International Erosion Control Association Board Director Carol Forrest, CPESC, CPSWQ, P.E., was killed Sunday, Aug. 13, in a helicopter crash outside of Astoria, Ore. Forrest was preparing to take part in Flight of Discovery, an aerial expedition to study the environmental and cultural changes along the Lewis and Clark trail.
"A hole opened in my and many people's lives today," said Sandy Mathews of the IECA Western Chapter. "Carol is one of the people who truly lived and enjoyed and excelled in all aspects of life and followed her passions."
Forrest shared her more than 28 years of experience in urban runoff, stormwater quality and watershed management with professionals around the country through workshops and seminars. She has authored many articles and manuals focusing on stormwater management and erosion and sediment control.
"I know that I am not the only one who looked to her as a mentor," said Mathews. "She was a support as I fledged as a professional in this field and she remained my sounding board for ideas and initiatives and was a model for my professional development."
In addition to being a regular instructor for IECA, Forrest donated a great deal of time to the organization most recently serving as technical vice president on the board of directors and as a member of the Professional Development Committee. Forrest also volunteered her time to CPESC Inc., serving as the chair of the Certified Professional in Erosion and Sediment Control Council and to her alma mater, San Diego State University, where she helped develop a state-of-the-art soil erosion research laboratory.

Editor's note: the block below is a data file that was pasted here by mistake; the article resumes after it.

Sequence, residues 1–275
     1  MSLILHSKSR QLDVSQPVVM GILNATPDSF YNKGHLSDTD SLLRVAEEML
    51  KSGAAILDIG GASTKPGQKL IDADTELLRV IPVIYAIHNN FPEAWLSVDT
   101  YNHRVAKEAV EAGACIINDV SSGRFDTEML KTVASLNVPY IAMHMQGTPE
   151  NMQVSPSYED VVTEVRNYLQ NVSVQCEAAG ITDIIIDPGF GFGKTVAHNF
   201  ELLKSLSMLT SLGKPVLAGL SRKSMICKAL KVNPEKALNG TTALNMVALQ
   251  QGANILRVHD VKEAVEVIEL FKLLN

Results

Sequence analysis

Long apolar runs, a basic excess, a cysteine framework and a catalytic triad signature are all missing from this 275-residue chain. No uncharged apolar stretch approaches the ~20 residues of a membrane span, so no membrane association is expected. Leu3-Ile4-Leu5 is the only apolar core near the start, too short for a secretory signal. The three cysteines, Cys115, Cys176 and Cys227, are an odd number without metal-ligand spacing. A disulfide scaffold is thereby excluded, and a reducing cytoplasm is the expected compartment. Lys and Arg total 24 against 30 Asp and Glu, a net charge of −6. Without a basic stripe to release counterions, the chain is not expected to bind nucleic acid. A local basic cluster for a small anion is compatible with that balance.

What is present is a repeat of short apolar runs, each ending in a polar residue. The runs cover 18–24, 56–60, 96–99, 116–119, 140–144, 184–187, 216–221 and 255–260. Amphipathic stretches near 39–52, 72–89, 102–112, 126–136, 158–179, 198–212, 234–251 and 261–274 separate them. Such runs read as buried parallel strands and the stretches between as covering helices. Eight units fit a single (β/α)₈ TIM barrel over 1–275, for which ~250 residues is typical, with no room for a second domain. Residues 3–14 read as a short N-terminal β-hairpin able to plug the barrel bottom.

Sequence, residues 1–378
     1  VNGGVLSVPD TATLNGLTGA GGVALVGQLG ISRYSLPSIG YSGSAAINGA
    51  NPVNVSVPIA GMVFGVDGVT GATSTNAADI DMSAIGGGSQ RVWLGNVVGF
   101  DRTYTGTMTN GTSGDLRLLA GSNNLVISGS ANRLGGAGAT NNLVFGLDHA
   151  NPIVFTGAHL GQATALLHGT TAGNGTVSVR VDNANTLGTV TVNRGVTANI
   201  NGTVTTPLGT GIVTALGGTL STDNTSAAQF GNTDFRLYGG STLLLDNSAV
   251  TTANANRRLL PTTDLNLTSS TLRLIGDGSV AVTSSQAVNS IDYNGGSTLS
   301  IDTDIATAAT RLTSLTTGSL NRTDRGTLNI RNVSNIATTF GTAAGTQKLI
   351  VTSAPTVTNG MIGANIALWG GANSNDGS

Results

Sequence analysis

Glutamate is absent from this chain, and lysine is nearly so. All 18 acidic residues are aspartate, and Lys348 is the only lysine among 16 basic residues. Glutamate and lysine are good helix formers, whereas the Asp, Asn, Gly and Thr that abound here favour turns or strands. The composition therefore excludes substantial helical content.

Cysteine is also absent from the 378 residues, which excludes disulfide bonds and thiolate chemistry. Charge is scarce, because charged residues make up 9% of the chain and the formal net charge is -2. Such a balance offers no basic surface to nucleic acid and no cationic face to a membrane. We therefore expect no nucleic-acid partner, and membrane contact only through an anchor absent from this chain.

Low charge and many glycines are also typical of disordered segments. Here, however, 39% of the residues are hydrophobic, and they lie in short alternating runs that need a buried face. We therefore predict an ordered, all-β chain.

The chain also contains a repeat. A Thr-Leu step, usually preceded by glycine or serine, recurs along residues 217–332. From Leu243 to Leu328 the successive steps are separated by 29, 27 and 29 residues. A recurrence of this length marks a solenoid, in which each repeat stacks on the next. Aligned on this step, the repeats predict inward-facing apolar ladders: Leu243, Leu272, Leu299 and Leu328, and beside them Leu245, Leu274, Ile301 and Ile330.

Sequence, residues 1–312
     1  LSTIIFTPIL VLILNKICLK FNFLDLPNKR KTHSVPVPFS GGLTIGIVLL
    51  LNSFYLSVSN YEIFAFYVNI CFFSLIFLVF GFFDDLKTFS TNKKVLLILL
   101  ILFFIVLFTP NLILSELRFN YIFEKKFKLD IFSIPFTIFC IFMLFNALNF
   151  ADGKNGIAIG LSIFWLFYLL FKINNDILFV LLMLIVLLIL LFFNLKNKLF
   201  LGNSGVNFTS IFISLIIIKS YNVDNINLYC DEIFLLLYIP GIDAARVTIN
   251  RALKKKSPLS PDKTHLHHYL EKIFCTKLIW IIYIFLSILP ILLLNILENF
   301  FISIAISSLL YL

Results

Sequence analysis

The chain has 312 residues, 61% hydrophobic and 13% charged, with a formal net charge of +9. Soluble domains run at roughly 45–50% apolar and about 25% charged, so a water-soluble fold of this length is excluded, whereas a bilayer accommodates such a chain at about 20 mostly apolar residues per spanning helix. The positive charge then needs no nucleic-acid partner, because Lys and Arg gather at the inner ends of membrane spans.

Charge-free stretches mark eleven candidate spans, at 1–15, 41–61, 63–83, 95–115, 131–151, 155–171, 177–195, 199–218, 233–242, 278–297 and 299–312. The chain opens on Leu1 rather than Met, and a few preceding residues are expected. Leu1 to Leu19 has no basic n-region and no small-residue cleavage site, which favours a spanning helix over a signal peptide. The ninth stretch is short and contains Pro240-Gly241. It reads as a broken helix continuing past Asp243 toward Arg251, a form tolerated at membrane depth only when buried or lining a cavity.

"I have been privileged to know Carol both professionally and as a friend for many years. I join many others in mourning her loss," said Lee Johnson, CPESC, IECA board member. "I will never forget the many contributions she has made to the furthering of the International Erosion Control Association and this industry."
During her career as a consultant and principal of GeoSyntec Consultants, Forrest was involved in erosion control, stormwater management and NPDES compliance issues on more than 600 construction sites throughout the U.S. Her work following the 1991 Oakland firestorm and 1993 Southern California fires earned her URS's Innovative Practice Award and Project Manager of the Year Award.